Delhi High Court Ranjeet Bihari vs The State (Nct Of Delhi) on 11 July, 2014Author: S. P. Garg
* IN THE HIGH COURT OF DELHI AT NEW DELHI
RESERVED ON : 7th MAY, 2014
DECIDED ON : 11th JULY, 2014
+ CRL.A.No.832/2012 & CRL.M.B.Nos.407/2013 & 584/2014 RANJEET BIHARI ….. Appellant Through : Mr.R.S.Mahla, Advocate.
THE STATE (NCT OF DELHI) ….. Respondent Through : Mr.Lovkesh Sawhney, APP.
HON’BLE MR. JUSTICE S.P.GARG
1. Challenge in this appeal is to a judgment dated 07.03.2012 in Sessions Case No. 136/2011 arising out of FIR No. 40/2009 PS Maurya Enclave by which the appellant – Ranjeet Bihari was convicted under Section 307 IPC and Section 27 Arms Act. By an order dated 17.03.2012, he was awarded RI for seven years with fine ` 2,000/- under Section 307 IPC and RI for two years with fine ` 1,000/- under Section 27 Arms Act. Both the sentences were to operate concurrently.
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2. Briefly stated, the prosecution case as reflected in the charge- sheet was that on 24.01.2009 at about 06.30 P.M. at LD Block, Maurya Enclave, Pitampura, Delhi, the appellant in furtherance of common intention with his associate Nasiruddin @ Guddu (since acquitted) inflicted injuries to Akhilesh in an attempt to murder him. The police machinery swung into action on getting information about the incident at 09.30 P.M. and Daily Diary (DD) NO. 25A was recorded. The investigation was entrusted to HC Satveer who with Const.Satyender went to the spot. ASI Vinod Kumar after taking over the investigation lodged First Information Report after recording Ajay’s statement (Ex.PW-1/A). In the complaint, Ajay (victim’s cousin) disclosed that on finding Akhilesh in an injured condition near Metro Station, LD Block, he took him to Muni Maya Ram Jain Hospital and admitted him there. He further informed that on his inquiry as to who was the perpetrator of crime, Akhilesh revealed name of his assailant as Ranjeet Bihari, one of the three culprits. In his statement on 26.01.2009, the victim implicated Ranjeet Bihari, Nasiruddin @ Guddu and their associate for inflicting injuries to him. During investigation, statements of the witnesses conversant with the facts were recorded. Both, Ranjeet Bihari and Nasiruddin @ Guddu were arrested. Pursuant to the appellant’s disclosure statement, a knife was Crl.A.No. 832/2012 Page 2 of 11 recovered at his instance. After completion of investigation, a charge- sheet was filed in the Court; they were duly charged and brought to trial. The prosecution examined twelve witnesses to substantiate the charges. In 313 statement, the appellant pleaded false implication and denied his complicity in the crime without examining any witness in defence. The trial resulted in his conviction as mentioned previously. It is relevant to note that Nasiruddin @ Guddu was acquitted of the charges and the State did not prefer to challenge his acquittal.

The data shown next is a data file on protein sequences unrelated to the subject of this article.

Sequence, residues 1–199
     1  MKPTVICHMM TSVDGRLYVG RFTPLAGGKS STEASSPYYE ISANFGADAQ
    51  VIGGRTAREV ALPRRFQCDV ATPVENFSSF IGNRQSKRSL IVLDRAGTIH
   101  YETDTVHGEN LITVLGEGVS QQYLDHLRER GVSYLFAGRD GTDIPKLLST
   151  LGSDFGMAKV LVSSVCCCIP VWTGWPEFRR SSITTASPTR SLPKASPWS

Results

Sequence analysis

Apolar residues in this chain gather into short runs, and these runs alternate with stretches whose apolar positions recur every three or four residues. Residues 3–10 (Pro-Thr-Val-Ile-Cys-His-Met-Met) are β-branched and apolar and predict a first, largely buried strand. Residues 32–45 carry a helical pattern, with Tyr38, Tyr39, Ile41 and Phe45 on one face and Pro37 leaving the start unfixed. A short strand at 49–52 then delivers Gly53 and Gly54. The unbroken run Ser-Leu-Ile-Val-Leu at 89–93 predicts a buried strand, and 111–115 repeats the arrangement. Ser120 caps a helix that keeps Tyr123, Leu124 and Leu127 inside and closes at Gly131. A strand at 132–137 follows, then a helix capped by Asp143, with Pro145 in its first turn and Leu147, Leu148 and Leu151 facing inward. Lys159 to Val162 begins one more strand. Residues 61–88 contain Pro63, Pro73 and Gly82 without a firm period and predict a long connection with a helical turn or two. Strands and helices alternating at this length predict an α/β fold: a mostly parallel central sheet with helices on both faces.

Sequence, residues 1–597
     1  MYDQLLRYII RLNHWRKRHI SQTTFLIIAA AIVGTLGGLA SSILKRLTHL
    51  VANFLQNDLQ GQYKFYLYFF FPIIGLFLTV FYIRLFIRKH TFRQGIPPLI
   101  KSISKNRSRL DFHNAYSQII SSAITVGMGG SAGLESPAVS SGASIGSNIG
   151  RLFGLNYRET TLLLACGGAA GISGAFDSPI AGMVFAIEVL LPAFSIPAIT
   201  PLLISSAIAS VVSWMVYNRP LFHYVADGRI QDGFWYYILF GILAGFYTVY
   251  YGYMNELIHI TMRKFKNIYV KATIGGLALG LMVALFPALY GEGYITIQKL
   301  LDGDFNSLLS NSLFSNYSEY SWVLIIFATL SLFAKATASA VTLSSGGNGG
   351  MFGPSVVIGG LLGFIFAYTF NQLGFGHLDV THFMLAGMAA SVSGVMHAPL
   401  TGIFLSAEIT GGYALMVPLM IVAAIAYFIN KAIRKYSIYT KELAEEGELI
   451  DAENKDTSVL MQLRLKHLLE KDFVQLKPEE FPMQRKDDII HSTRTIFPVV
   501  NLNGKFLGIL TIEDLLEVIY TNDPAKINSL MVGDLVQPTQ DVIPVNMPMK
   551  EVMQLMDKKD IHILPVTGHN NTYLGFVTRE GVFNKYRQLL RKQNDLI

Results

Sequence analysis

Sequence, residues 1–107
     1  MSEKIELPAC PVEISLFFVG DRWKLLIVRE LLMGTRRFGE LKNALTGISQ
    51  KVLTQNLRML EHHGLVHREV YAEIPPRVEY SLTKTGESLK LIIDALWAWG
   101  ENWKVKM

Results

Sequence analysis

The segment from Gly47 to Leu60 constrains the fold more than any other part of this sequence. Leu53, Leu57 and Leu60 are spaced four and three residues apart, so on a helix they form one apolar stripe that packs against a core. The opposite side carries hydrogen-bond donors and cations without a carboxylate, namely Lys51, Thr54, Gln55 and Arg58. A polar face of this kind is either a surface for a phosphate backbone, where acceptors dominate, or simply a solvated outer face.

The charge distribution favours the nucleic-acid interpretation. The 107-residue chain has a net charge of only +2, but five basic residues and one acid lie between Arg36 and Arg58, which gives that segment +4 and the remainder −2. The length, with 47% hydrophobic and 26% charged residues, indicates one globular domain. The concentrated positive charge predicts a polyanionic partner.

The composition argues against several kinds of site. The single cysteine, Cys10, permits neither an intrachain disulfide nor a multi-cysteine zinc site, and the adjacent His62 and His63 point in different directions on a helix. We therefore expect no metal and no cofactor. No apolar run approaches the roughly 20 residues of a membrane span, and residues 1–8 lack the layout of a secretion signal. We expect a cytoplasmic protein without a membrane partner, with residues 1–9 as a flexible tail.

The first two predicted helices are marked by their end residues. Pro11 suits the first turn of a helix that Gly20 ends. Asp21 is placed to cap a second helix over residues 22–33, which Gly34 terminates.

3. I have heard the learned counsel for the parties and have scrutinised the Trial Court record. Appellant’s counsel urged that the Trial Court did not appreciate the evidence in its true and proper perspective and without any valid reasons ignored the vital discrepancies and contradictions in the statements of the prosecution witnesses. The recovery of the crime weapon, after about nine months of the incident was highly suspect. Mere recovery of a weapon by itself is no proof of the appellant’s complicity. No blood stains were found on it. He further urged to discard the victim’s statement who resiled from his previous statement and opted to rope in the appellant alone exonerating Nasiruddin @ Guddu though named in police statement recorded on 26.01.2009. The alleged associate of the assailant could not be arrested during investigation. He Crl.A.No. 832/2012 Page 3 of 11 highlighted that the appellant and the injured both have criminal antecedents. Learned Addl. Public Prosecutor urged that the appellant was specifically named for causing multiple injuries to the victim by a knife and in the absence of sound reasons, he cannot be disbelieved.